RMA [ = Rabbi Marc Angel]: I don’t have the ideal place. The issue of Orthodoxy and women exists because the world has transformed. Today, women study Talmud; this used to not be the case. But you have a glass ceiling; you can only go so far. We’ve created a dynamic by educating our women, and we don’t know how to deal with it. We don’t have an answer yet. I’m in favor of opening options: women’s tefillah groups, women’s Megillah readings, and women as members on boards. In our synagogue (Congregation Shearith Israel), we have Lynne Kaye filling the position of Assistant Congregational Leader – she does everything a rabbi would do except for the ritual aspects. Sure, these developments may be a dead-end, but how do we know unless we experiment? These boundaries – how flexible are they? A pesak on these matters would freeze the process. We must see how things unfold.
In any case, Rabbi Angel has recently written a wonderful post on women's ordination ("Women as Orthodox Religious Leaders?"). The amazing thing about this piece is that Rabbi Angel appears to take no position, nor offer any personal opinions. All he does is ask questions and point out difficulties in others' positions. His own opinion is not difficult to read between the lines, but the fact remains that he never once explicitly gives his own opinion. His piece also offers an implicit criticism of the apodictic rulings of Daat Torah, in which dogmatic positions are stated without any textual or traditional support.
Professor Marc Shapiro has written about this phenomenon of Daat Torah. In his words ("The Uses of Tradition: Jewish Continuity in the Modern Era," (book review), Tradition 28:2, 1994),
[Jacob] Katz also ilustrates the nineteenth century [emphasis added] creation of what he terms ex cathedra rulings. [Notice the terminology borrowed from Catholicism - Michael Makovi.] That is, the halakhist, acting through his charismatic personality, issues rulings on a wide range of communal issues basing himself primarily on biblical passages and religious feelings rather than halakhic sources. If a certain decision is perceived by the halakhist as necesssary to maintain the Torah community, he will reach it. The halakhist places these new rulings at the very center of the religion, and one who violates them is no longer to be regarded as a faithful Jew. It seems clear that the method of decision-making Katz is describing is fundamentally not really different than the contemporary notion of Daat Torah. I thus do not accept the popular view that Daat Torah is a twentieth century [emphasis added] concept. Even in pre-modern times one can point to rabbis deciding communal matters based on non-halakhic points. What this means is that the halakhist was intuitively convinced that his community needed to adopt a certain approach and, lacking the precise halakhic sources, supported his position by citing Bible, Midrash etc. By making a case without traditional halakhic sources it is impossible for an opponent to marshal contrary halakhic arguments. A ruling could be opposed, but not refuted. The only real difference between the modern exponents of Daat Torah and the earlier authorities seems to be that the earlier authorities felt the need to expound upon their opinions with numerous Scriptural and Aggadic proofs. The modern exponents of Daat Torah often feel no need to offer any justification of their views and it is here where one finds their originality.Cf. an article by Katz, "DA'AT TORAH - The Unqualified Authority Claimed for Halachists". In this article, Katz argues that while the term "Daat Torah" is a creation of the twentieth-century, that nevertheless, the phenomenon of Daat Torah is a nineteenth-century phenomenon, witnessed in the battle of Hungarian Ultra-Orthodoxy against the Neologs (conservative right-wing Reformers).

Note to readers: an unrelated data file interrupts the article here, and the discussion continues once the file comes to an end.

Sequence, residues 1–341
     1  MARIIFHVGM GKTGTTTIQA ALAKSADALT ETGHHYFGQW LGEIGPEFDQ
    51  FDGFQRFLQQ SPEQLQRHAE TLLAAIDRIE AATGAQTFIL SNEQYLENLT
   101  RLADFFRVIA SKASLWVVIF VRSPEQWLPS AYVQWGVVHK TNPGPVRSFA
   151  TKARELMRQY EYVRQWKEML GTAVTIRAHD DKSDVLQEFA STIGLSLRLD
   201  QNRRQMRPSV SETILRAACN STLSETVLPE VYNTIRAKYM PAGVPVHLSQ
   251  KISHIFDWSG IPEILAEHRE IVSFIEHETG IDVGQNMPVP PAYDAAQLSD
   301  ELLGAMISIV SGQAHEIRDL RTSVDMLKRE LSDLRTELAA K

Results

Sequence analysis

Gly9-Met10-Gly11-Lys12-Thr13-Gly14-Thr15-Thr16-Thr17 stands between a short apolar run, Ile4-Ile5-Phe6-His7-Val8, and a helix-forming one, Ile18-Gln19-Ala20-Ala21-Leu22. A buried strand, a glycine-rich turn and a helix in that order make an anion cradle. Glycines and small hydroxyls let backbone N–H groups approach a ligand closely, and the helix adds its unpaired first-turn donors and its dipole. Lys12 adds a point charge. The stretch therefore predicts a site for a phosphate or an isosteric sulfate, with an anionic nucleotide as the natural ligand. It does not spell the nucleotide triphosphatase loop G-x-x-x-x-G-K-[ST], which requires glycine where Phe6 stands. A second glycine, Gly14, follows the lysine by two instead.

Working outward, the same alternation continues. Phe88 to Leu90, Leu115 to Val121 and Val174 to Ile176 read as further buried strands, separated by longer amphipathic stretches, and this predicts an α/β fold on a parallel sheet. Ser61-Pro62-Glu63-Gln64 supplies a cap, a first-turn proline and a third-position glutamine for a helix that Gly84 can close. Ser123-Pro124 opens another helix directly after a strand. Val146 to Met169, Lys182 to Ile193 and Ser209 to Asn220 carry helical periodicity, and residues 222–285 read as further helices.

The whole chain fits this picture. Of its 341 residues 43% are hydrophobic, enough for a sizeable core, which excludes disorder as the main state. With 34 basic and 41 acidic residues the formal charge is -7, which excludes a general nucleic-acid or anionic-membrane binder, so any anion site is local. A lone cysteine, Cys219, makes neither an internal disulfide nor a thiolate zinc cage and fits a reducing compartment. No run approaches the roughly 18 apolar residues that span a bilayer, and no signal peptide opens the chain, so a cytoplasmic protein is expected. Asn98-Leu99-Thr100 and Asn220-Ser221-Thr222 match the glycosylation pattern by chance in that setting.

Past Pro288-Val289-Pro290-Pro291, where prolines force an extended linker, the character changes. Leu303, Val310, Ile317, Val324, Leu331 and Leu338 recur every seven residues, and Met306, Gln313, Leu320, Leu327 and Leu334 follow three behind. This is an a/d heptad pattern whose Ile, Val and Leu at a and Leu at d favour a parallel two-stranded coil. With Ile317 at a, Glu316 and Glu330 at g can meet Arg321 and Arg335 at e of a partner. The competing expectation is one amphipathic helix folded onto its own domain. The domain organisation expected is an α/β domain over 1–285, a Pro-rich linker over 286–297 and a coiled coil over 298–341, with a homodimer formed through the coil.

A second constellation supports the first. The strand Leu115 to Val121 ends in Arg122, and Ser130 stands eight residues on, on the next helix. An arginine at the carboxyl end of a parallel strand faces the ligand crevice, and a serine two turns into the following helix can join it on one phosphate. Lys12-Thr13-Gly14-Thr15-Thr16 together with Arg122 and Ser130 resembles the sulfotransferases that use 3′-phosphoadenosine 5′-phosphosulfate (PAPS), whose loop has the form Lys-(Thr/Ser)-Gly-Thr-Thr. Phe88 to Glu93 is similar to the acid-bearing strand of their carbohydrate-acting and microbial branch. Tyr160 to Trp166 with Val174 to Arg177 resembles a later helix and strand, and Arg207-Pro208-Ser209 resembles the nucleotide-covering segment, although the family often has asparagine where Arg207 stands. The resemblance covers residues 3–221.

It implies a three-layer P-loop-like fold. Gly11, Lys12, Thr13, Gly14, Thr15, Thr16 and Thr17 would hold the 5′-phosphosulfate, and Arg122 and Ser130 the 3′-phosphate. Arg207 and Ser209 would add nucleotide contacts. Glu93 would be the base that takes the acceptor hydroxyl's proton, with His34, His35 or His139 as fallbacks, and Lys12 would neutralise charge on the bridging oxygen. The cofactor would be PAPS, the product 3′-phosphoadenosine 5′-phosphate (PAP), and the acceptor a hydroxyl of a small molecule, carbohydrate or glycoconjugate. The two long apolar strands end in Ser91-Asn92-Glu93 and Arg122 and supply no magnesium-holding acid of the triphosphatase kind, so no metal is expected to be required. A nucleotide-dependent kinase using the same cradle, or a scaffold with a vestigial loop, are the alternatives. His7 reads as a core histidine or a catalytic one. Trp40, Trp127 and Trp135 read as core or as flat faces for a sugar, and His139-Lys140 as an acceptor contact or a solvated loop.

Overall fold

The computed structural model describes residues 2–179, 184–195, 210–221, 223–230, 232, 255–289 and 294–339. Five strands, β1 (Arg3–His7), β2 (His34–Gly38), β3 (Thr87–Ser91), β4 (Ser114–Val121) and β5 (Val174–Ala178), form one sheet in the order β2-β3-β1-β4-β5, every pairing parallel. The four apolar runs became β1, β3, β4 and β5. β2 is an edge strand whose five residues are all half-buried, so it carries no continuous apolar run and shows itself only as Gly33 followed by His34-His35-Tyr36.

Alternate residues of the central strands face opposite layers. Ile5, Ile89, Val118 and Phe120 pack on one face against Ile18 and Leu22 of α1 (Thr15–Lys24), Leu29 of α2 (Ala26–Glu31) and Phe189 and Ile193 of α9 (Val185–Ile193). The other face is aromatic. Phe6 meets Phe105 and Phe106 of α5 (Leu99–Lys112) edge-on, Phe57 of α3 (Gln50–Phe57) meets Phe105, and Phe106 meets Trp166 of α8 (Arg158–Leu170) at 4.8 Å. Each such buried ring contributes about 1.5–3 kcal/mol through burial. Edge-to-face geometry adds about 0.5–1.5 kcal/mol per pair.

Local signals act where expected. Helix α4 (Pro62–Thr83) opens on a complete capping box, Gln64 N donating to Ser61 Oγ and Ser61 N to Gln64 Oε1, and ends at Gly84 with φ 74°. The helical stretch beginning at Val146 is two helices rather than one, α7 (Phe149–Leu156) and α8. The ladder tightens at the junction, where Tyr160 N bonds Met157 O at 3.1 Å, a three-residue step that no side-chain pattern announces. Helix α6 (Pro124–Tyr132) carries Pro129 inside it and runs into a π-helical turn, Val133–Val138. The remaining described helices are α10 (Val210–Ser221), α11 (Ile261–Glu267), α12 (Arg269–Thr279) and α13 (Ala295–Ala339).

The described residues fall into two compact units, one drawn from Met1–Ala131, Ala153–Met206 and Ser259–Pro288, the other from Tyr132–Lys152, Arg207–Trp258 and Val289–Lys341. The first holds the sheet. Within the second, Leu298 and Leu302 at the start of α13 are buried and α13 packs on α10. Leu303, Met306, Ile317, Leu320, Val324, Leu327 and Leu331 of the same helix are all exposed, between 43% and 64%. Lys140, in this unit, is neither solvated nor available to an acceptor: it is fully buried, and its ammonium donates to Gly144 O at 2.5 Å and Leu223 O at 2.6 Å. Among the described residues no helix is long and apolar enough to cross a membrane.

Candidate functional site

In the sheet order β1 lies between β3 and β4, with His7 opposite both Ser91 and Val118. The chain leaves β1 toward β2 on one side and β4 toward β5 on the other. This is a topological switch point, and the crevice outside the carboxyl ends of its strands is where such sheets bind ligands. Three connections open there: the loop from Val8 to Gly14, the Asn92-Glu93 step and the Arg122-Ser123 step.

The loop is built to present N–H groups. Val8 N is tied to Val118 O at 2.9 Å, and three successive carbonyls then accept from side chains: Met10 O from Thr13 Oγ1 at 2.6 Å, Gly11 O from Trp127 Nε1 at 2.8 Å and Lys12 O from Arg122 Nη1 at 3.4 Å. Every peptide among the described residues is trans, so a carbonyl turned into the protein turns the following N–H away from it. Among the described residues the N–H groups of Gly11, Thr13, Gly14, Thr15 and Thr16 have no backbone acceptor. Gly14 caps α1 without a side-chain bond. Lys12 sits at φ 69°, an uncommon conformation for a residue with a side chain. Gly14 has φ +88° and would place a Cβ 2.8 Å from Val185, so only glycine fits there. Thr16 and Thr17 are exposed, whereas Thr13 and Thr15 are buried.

In any case, our focus is on the final observation of Shapiro just quoted, viz. that,
The only real difference between the modern exponents of Daat Torah and the earlier authorities seems to be that the earlier authorities felt the need to expound upon their opinions with numerous Scriptural and Aggadic proofs. The modern exponents of Daat Torah often feel no need to offer any justification of their views and it is here where one finds their originality.Rabbi Angel's article on women's ordination criticizes precisely this phenomenon of apodictic rulings devoid of any citations or justifications or supports.
Rabbi Angel's article also offers some good arguments (presented in the form of questions) regarding women's ordination. His article can be read as Women as Orthodox Religious Leaders?.
Rabbi Angel's piece really is extraordinary, and is a must-read.